By Laura Haight
Originally published as The Digital Maven in Upstate Business Journal
The rule of thumb about software is that people only use about 10 percent of the capabilities they have - just what they can see on the surface. This is equally true in social media, and, most especially, with LinkedIn.
Recently, we talked about how to make the most of your profile and professional presence on LinkedIN As a business or nonprofit, there are many more capabilities you should capitalize on. Most functions are free, although job posting is a paid upgrade.
LinkedIn makes you work for it, but under the covers, there is a much more powerful tool than many might realize.
Here are some tips, shortcuts and FAQs on creating an engaging company page.
Find it: You would think there’d be a nice button at the top of the page that says: Company Page with a drop down menu. But you’d be wrong. Creating a company page is hidden behind: Interests>Companies. There’ll you find the Create button in the sidebar.
Claim it: Here’s where you can come across your first big stumbling block. If someone else has created a page (this occurs with groups as well) in your company’s name and has not made you an administrator of it, you will not be able to do anything until the owner gives you access. This is no biggie, if the person who set it up is down the hall in Marketing. But if it was a former employee who doesn’t care to respond to your emails, you have some work ahead of you. LinkedIn has an involved process to claim your page or a group that is using your company name and identity without authorization. But it takes time and paperwork. Their first step is always to have you contact the owner, so do that first and save yourself some aggravation.
You will run into this issue on Google, Facebook, Yelp and others. LinkedIn, despite the process involved is one of the easier services in terms of helping you reclaim your business page. Make sure whenever a page is created that multiple admins are named, that you as the owner are one of them, and that the admin information is updated as individuals leave your employ.
In order to claim your page, your profile must have an email address associated with your company domain.
Build it: The foundation of the page is pretty typical – a nice display photo, general company information and a description. Here you can also include the names of others to be included as admins on your page. Most of the information you enter will not be visible, however, when someone hits the page. They will have to click on a See More link to expose your details. So pick a great photo and, if possible, add a tagline brief text to the photo itself to give the casual viewer some clue. Take note of the photo size instructions and make your photos EXACTLY these dimensions. I know it says they can be larger, but they can’t. If it says 646 px X 220 px, make it exactly that size and save time.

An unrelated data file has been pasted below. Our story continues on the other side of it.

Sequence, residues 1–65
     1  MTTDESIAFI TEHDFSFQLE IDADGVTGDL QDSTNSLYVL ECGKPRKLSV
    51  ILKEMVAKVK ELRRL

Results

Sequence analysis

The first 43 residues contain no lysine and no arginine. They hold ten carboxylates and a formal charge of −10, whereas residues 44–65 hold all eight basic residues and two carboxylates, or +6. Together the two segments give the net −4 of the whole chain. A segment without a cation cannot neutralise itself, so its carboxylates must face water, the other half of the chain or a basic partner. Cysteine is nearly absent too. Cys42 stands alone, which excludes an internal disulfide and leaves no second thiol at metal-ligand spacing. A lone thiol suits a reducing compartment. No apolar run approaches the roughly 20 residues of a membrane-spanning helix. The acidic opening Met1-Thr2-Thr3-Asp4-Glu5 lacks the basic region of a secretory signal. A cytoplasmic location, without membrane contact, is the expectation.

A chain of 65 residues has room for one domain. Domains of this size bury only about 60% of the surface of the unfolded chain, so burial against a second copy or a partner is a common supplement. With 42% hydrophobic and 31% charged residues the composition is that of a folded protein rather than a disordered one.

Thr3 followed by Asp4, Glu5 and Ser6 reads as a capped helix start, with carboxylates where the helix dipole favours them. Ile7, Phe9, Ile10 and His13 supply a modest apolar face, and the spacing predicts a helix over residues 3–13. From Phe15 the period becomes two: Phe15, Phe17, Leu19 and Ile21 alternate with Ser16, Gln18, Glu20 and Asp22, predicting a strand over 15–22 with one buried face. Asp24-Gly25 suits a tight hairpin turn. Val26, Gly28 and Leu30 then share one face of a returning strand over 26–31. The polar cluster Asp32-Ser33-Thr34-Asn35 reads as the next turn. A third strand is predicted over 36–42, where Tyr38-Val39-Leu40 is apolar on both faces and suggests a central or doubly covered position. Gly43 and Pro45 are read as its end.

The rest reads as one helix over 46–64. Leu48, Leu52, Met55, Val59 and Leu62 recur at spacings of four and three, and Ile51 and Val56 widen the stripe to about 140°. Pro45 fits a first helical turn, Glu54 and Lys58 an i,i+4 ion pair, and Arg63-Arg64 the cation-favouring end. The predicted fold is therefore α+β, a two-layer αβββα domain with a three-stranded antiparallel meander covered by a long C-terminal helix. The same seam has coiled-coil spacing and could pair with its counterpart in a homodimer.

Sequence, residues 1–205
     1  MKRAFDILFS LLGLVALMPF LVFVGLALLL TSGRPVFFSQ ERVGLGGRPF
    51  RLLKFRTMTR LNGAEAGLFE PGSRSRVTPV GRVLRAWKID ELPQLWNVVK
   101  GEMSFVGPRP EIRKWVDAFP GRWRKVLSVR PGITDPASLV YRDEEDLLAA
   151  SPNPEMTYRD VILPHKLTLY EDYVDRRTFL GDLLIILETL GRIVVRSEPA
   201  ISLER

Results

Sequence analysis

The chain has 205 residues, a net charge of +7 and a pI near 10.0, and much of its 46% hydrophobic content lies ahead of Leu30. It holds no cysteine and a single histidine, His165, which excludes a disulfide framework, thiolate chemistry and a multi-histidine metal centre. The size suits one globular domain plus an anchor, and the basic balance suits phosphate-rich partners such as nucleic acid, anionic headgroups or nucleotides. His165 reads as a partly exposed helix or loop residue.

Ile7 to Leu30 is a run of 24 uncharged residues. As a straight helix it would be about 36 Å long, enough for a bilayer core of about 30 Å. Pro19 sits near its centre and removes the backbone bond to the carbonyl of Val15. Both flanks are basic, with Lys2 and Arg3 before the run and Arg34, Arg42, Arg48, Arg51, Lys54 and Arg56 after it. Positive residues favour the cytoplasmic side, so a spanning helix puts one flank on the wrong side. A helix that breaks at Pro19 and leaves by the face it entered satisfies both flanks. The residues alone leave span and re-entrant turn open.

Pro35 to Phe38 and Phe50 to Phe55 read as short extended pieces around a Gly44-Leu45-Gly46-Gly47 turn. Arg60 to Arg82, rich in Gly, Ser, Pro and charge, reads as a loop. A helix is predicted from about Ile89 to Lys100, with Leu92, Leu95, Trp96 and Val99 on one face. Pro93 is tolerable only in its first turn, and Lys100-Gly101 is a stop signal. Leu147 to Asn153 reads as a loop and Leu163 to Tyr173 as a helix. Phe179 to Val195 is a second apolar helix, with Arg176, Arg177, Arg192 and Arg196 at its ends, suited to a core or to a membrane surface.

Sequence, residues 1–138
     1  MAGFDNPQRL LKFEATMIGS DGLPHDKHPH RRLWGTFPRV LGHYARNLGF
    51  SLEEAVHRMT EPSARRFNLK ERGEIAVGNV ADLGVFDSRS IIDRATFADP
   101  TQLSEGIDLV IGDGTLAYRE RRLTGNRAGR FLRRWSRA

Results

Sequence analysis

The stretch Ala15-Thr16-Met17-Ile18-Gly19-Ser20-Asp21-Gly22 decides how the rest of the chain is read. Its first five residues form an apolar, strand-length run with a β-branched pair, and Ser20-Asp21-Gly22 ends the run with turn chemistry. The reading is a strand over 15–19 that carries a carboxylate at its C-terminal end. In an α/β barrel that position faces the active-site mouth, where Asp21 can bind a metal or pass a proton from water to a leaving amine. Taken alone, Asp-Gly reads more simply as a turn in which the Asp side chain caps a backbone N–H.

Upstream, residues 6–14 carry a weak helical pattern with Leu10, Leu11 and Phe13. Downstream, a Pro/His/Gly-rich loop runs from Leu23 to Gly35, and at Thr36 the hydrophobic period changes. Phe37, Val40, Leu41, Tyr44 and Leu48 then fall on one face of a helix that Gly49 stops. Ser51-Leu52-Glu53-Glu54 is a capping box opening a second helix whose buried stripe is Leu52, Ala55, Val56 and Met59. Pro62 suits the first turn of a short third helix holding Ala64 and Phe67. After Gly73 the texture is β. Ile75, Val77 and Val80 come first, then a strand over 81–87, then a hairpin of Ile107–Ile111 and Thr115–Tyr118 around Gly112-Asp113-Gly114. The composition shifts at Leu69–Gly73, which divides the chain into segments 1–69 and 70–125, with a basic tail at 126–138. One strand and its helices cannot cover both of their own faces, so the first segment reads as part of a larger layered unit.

Expand it: LinkedIN’s Showcase Pages are the place to highlight your products and services. You create them from the Edit menu on your company page and they appear in the sidebar navigation of your main page. Resist the temptation to create a Showcase Page for each of your product lines or services. They are flashy and look great. But creating them is the easy part. Maintaining them is another story. Be selective.
Nurture it: Don’t just bulk upload the same content everywhere. LinkedIn is more of a solution center where colleagues share problems, solutions, ask questions, crowdsource advice, and, yes, find jobs and partners. Identify your goal and be diligent in publishing targeted content. Update regularly by posting directly to your company page, but make sure the content also makes sense for your brand. A brain-teaser may get lots of views, but if it isn’t connected to your line of business, those eyes may be little more than drive-bys.
Track it: Company pages have analytics that can help you track what updates are most effective and enable you to focus on successful strategies.
Go with it: Your page includes links to employees with LinkedIn profiles. A lot of questions arise about removing former employees. LinkedIn provides no way for the company to do this. The function represents LinkedIn users who have “affiliated” their work experience with your company. According to LinkedIn, “It’s not meant to be a source of truth.” Once a person changes their profile to reflect that they’ve left a job, they will not appear on your page. Because this is user-managed information, it is up to the individual to keep it up to date. LinkedIn suggests you can contact former staff to get them to change their profiles. I suggest: Don’t get too twisted up over this. Most likely it will bother you far more than it will influence any viewer.
Want to see some of great examples? Check out the 2014 winners of LinkedIn’s Best Company Pages award. Could this be you next year?